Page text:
Families chill out in the queue

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The Independent Travel

Rock carvings in northern Norway show that man has been skiing since 2000BC. There is, it is true, no evidence of bobble hats from that period, but wooden skis measuring twice a man's height have been found fossilised in bogs and are essentially the same as those we use today.

Rock carvings in northern Norway show that man has been skiing since 2000BC. There is, it is true, no evidence of bobble hats from that period, but wooden skis measuring twice a man's height have been found fossilised in bogs and are essentially the same as those we use today.

The trouble is that skiing in Europe, at least, has not kept up with the times. In recent years, those who can afford it have abandoned the ski queues in France and Switzerland for the more friendly and accessible slopes of the USA and, especially, Canada.

Now, despite the setback of the recent funicular tragedy in Austria, the Europeans are fighting back. The old T-bar lifts are being phased out in favour of six-seater chair lifts. There's to be streamlining of all the boring administration of ski passes and equipment, and, in France, a massive programme is under way to upgrade the unlovely purpose-built resorts of the 1960s and 70s. In Tignes, for example, there are new quality hotels, and the busy road which used to run through the centre of town has been consigned to a tunnel.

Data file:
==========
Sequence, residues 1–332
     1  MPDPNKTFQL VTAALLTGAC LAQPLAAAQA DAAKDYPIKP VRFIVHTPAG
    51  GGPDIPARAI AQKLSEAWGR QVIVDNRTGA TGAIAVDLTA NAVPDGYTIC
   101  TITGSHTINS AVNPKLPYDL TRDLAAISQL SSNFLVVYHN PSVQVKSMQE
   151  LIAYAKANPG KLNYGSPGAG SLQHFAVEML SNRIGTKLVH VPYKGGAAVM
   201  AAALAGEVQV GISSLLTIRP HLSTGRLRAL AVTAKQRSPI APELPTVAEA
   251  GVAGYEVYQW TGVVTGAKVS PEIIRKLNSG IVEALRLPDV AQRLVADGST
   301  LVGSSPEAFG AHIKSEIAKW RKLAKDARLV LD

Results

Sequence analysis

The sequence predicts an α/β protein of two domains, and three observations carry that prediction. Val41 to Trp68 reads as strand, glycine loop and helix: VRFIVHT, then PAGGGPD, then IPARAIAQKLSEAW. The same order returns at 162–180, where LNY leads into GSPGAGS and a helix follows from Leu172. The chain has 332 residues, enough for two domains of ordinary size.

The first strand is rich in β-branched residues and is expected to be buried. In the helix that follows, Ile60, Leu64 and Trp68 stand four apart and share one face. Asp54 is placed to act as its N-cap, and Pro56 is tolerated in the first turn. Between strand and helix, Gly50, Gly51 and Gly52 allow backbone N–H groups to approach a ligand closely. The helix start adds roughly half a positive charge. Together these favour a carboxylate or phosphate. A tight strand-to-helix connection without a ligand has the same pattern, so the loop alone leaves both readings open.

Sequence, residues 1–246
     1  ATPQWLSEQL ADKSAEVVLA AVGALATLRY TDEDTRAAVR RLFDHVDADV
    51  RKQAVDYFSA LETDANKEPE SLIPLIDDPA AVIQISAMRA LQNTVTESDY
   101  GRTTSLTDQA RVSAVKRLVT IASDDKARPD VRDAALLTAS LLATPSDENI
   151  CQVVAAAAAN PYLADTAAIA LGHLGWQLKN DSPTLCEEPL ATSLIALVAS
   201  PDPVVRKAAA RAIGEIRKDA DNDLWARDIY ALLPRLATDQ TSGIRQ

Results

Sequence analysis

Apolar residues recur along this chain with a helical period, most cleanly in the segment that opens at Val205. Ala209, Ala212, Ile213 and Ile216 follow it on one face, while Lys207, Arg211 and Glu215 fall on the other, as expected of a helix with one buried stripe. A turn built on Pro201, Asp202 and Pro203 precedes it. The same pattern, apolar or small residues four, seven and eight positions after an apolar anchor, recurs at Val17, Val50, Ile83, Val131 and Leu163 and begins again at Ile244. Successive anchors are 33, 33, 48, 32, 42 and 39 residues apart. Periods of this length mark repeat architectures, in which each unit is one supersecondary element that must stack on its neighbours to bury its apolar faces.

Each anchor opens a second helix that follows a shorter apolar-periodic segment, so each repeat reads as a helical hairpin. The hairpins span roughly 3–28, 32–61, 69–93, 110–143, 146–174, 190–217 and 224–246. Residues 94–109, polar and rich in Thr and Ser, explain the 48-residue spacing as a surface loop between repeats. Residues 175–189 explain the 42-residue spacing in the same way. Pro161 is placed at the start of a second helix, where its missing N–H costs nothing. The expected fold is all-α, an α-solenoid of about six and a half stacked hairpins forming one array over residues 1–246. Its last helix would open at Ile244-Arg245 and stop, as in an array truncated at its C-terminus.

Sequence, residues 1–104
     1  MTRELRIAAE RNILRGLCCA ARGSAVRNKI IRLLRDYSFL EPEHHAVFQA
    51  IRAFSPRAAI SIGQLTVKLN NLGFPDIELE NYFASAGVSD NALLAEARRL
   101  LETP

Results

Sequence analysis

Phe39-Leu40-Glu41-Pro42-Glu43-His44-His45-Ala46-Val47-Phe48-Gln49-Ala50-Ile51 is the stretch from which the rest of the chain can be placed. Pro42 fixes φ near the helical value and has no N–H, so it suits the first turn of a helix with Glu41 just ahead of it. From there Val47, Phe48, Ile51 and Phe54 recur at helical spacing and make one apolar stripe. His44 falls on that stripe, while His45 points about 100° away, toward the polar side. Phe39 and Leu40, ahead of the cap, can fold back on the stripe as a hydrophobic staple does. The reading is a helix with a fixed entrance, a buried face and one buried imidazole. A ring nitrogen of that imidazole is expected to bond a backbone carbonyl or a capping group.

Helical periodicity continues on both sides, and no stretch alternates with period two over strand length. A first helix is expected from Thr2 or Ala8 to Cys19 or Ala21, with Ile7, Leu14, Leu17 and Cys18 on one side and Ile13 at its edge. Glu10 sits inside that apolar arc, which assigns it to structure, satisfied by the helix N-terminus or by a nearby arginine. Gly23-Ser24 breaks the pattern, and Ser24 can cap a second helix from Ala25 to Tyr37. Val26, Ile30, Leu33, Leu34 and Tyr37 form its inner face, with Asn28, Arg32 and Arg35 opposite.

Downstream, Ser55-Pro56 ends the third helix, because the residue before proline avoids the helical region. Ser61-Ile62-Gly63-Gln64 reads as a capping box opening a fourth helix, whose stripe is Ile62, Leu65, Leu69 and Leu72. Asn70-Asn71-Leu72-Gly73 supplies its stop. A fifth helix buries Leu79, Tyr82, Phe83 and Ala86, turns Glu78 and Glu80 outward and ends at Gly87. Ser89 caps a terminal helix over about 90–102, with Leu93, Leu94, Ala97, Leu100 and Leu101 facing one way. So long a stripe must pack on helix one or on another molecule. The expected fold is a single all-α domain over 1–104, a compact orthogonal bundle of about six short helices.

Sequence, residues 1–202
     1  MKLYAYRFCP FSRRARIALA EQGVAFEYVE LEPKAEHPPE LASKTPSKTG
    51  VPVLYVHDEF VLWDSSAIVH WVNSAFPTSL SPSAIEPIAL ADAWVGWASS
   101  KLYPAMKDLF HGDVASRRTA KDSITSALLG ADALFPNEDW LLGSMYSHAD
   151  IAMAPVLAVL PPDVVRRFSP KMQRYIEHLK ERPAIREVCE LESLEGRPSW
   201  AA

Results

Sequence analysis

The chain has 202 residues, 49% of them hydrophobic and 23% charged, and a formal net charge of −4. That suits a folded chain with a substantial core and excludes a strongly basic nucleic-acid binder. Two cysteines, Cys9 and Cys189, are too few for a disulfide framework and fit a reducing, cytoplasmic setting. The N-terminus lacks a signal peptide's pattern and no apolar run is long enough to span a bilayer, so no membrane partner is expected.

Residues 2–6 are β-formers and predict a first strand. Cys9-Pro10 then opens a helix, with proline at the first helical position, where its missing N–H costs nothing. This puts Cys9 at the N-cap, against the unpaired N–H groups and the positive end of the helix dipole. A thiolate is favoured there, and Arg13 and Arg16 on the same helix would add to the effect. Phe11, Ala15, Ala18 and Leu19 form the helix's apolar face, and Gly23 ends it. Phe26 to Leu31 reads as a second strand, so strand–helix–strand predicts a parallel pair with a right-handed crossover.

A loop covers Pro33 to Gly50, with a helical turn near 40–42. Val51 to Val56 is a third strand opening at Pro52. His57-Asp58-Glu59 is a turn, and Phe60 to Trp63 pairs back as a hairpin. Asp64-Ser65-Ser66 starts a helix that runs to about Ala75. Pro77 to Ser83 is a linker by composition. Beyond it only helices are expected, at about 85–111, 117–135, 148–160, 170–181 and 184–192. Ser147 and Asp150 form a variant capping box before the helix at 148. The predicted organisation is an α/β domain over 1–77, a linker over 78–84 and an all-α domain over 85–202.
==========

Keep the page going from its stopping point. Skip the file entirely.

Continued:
The quality of ski tuition often gives rise to complaints. In Europe, with the notable exception of Andorra, "tuition" at worst means paying to watch as a snake-hipped, unilingual instructor demonstrates his skill on the planks before disappearing down a red run in a plume of snow. Now, after a successful court case last winter, top-level British instructors have broken into the protected realm of ski schools staffed only by nationals, and the market has opened up to independent ski instruction outfits such as Mountain Masters, mostly run by British instructors.

After what the Ski Club of Great Britain admits was a very flat season last winter, European slopes are now becoming more user-friendly than at any time since Mr Neolithic skied home to his cave.

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